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Sap On Tap

March 20, 2013

The weather is warming up, greeting us with temperatures above freezing for more than just a few consecutive days each week. The birds' cheery, singsong chirping alerts me as I encounter the fresh air outside the door. Sometimes I'm lucky enough to catch a glimpse of green on lawns and trees.

It's official: The first day of spring has arrived.

As winter continues to gradually melt away, snow and ice drip from the canopies of the trees, collecting muddy puddles on the ground below. Tiny, green leaf buds force life into dormant limbs and branches, presenting the beginning of a vibrant, spring color palette you've been anticipating since fall's last leaf fell to the ground.

But your maple trees, in particular, have been waiting all winter long for you to tap into their best-kept secret: A vat of sweet, sugary goodness they've been brewing for months - sap.

According to the University of Maine Extension, more than 100 species of maple trees exist throughout the world. The U.S. cultivates approximately 14 species of maples, including 10 that grow in Canada, where a red maple leaf adorns the national flag.

  • The sugar maple (hard maple) taps in at the top: Its sap contains an average sugar content of about 2 percent. The typical backyard sap producers - red, black and silver maples - may require twice as much sap to yield the same amount of syrup, while other maple species, such as ornamentals, do not produce the sap required for maple syrup.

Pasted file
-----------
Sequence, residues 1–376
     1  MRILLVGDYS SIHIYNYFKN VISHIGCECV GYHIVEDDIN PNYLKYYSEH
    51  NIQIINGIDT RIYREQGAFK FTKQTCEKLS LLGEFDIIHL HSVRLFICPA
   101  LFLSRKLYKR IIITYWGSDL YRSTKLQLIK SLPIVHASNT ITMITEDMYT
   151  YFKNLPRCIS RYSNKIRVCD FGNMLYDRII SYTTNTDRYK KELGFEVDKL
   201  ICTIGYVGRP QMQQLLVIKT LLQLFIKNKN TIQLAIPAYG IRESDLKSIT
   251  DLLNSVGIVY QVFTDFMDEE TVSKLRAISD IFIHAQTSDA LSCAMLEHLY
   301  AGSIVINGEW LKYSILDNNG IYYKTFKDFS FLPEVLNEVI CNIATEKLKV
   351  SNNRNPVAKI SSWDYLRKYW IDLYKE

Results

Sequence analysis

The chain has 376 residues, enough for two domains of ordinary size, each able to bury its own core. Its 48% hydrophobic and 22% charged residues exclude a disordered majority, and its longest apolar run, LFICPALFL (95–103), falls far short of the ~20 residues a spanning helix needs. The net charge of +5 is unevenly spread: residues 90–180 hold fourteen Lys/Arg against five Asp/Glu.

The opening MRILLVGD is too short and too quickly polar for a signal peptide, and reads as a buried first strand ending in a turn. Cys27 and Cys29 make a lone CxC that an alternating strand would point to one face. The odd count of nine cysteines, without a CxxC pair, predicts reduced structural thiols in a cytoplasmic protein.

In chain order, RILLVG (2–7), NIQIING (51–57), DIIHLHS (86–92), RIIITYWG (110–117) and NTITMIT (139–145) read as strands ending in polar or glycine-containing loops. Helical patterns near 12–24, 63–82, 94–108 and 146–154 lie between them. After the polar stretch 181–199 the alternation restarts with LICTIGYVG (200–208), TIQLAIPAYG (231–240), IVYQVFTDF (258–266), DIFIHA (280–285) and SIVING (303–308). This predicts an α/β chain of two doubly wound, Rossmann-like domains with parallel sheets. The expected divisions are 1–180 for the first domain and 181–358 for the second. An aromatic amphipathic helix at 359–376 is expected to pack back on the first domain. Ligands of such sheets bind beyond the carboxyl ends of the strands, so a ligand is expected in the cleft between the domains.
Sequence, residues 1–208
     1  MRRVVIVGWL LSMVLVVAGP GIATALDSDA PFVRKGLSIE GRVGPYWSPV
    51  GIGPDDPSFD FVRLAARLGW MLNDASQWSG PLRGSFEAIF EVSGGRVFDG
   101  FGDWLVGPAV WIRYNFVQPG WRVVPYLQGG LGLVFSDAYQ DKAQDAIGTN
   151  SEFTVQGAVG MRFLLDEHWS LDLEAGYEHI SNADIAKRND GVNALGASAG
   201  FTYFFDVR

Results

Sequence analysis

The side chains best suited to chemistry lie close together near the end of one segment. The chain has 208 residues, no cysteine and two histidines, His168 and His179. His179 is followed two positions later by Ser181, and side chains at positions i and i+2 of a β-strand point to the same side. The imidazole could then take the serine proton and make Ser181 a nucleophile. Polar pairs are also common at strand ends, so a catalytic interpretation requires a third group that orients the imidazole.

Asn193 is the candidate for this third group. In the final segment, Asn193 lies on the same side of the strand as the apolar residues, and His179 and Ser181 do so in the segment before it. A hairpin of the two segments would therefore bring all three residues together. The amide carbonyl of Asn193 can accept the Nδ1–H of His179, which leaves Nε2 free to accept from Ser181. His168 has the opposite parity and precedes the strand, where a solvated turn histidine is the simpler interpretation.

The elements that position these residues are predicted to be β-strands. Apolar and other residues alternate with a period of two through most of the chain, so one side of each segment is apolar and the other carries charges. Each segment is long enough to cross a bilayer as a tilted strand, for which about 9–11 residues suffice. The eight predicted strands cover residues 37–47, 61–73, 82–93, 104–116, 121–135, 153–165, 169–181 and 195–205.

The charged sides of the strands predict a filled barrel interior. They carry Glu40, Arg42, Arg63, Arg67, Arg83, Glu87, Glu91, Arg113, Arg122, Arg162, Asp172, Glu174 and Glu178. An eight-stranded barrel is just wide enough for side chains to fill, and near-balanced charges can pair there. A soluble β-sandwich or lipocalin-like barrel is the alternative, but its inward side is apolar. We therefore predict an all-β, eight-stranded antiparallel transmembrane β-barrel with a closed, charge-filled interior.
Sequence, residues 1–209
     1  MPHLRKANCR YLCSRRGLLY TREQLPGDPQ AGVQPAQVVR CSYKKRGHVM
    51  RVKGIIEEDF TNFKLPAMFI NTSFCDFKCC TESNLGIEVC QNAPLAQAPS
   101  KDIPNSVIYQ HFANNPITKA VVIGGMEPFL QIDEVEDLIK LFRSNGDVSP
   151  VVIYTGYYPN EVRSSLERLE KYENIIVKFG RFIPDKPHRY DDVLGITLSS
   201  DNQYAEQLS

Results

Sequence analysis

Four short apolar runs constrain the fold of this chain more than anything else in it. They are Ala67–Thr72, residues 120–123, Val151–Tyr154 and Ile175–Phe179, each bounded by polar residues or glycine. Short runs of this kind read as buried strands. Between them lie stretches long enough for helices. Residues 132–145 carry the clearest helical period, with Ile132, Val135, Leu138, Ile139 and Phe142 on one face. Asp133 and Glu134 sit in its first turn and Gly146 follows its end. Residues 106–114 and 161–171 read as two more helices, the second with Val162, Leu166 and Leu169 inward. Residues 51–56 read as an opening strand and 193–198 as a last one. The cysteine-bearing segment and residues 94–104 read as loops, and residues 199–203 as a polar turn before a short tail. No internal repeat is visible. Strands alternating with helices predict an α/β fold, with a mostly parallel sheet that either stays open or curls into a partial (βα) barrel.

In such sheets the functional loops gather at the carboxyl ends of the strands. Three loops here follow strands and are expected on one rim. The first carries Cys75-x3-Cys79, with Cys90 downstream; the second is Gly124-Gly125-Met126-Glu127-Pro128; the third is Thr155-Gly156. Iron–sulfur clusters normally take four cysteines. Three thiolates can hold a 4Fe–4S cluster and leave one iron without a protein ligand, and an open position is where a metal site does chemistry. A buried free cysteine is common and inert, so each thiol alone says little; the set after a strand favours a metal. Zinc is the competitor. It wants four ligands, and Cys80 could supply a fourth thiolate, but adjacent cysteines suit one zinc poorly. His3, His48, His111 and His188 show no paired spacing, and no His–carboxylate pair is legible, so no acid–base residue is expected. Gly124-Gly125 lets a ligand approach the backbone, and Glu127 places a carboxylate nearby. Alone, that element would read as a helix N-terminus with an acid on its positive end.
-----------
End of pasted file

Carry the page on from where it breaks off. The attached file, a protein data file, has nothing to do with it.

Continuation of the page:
Now is just about the perfect time to tap your maples. The sap flows best when daytime temperatures rise above freezing and nighttime temperatures drop below freezing, but tapping time varies from region to region.

Healthy trees, free from scar tissue and lawn equipment injuries, return the best sap flow. Look for maples with trunks at least 12 inches in diameter that also receive the most sun. To tap your tree, you'll need to drill a hole in the trunk, then insert the spile and attach a bucket below the hole - the tree will do the rest.

At its boiling point, the water from maple sap concentrates it into a sweet substance to form maple syrup. You can expect 5 to 15 gallons of sap per tap per season - what a sappy tree! But how much can your maple tree take before it taps out?

According to Tap My Trees, a leading website for home maple sugaring, the number of taps a maple tree can handle depends on trunk diameter: one tap for 12- to 20-inch diameter trees; two taps for 21- to 27-inch diameter trees; and three taps for 27-inch diameter or larger trees.

If you're concerned about permanently damaging the tree, don't fret - tapping holes are wounds from which your tree will readily recover. Although less healthy trees may take up to three years to heal their wounds, vigorous trees' bark will seal wounds in no more than a year.

How sweet of the maple to reward us with its delicious, syrupy concoction this season. Who knew such a tree could provide us with benefits year-round: cool shade in summer, vibrant foliage in fall and sugary sap in spring - all from the comfort of your backyard?

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